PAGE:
As an artist you really need to reveal a lot of yourself in order to connect emotionally with the work, and by extension with the viewer.
On comparing yourself to other artists…
In my first few years of making art I compared myself with others a lot. But somehow now I don’t compare anymore.
With my work, it has taken me a long time to understand that it will forever be subjective – and that’s how art should be. So when you see trends of certain art forms being popular, a lot of the time it's just timing and just so happens that the gallery likes that kind of work, or that many curators have similar interests at that point in time.
There are so many factors at play, so for me I will still pursue opportunities, but at the same time I want to focus on making what matters to me the most, and eventually that will come across for others to see.
On juggling being an artist and an arts manager…
I think jumping between different roles of an arts manager and an artist can be difficult. I get used to a certain level of productivity and find it really difficult to get to that state where I am just with myself and my thoughts.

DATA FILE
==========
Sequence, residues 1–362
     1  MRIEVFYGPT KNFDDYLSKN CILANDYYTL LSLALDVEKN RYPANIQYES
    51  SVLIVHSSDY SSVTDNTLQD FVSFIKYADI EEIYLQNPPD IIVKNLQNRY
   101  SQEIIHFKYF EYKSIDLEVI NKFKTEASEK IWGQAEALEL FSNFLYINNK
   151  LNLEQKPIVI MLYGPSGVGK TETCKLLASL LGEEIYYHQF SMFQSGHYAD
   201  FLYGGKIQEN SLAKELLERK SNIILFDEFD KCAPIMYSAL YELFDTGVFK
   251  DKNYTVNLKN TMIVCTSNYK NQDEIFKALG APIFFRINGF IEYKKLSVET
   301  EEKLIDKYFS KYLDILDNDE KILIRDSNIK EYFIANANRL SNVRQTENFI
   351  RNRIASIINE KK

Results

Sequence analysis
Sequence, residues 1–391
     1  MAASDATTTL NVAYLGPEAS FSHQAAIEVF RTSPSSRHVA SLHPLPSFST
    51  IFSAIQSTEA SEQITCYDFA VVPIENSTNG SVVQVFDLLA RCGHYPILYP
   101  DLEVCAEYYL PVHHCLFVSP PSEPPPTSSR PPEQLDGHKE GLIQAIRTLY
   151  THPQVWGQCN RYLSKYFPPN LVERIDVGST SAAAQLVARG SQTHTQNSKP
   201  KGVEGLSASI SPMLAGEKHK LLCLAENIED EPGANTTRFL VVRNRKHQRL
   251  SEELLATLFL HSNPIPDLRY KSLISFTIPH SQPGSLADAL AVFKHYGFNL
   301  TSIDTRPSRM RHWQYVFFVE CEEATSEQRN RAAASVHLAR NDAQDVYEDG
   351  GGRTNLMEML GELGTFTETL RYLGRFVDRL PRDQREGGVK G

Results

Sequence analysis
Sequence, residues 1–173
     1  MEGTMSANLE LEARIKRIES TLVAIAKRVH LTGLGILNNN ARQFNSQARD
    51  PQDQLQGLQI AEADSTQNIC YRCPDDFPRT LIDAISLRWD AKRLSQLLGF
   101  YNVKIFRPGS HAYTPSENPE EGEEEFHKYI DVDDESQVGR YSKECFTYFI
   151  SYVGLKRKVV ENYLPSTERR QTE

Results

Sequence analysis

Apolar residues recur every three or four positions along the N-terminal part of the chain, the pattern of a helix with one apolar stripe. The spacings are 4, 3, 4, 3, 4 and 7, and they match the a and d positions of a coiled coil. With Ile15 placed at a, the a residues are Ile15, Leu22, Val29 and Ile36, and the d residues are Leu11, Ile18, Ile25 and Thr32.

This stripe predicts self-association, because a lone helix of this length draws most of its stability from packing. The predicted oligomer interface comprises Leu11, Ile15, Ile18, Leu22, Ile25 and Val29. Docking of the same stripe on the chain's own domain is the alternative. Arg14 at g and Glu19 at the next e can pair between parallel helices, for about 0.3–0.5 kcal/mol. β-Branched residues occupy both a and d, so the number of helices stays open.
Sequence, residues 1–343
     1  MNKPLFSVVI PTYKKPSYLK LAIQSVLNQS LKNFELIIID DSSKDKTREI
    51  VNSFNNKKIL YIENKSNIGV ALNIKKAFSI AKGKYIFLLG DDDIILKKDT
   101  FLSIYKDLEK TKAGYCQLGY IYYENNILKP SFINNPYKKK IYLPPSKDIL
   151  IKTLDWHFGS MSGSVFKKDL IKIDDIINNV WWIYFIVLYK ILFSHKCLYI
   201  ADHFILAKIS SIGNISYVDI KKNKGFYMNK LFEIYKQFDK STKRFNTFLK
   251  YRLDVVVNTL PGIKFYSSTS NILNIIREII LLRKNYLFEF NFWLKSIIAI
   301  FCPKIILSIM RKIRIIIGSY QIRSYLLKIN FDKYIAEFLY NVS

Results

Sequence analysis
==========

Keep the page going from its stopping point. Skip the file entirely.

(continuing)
Making art is almost like meditation, you become really aware of what’s going on in your mind. There is a certain kind of discomfort when I am alone with my thoughts.
I think finding a balance is really important as well. At one point I was having back-to-back exhibitions and I didn’t enjoy it much. I think it made me realise that I was serious about my art, but I wanted to pace it out so that I could be thorough with each project before feeling the pressure to exhibit.
When you are pumping out shows one after the other, you tend to lose that creative process and it becomes all about project management.
I enjoyed the project management side of it, but I thought I should separate the two and focus on developing ideas for my art projects and managing someone else’s
Part of the creative process is to overcome and accept such ‘unproductivity’, to be at ease with the paradox between having multiple roles in life.
Guerilla Espresso cafe in Footscray
Sen in Footscray
M Yong Tofu in Kensington
The Plough in Footscrayfor good pizza and wine, they have craft beer
Ajitoya in Seddon, a Japanese cafe with a mini Japanese store selling craft beer like espresso beer or red rice beer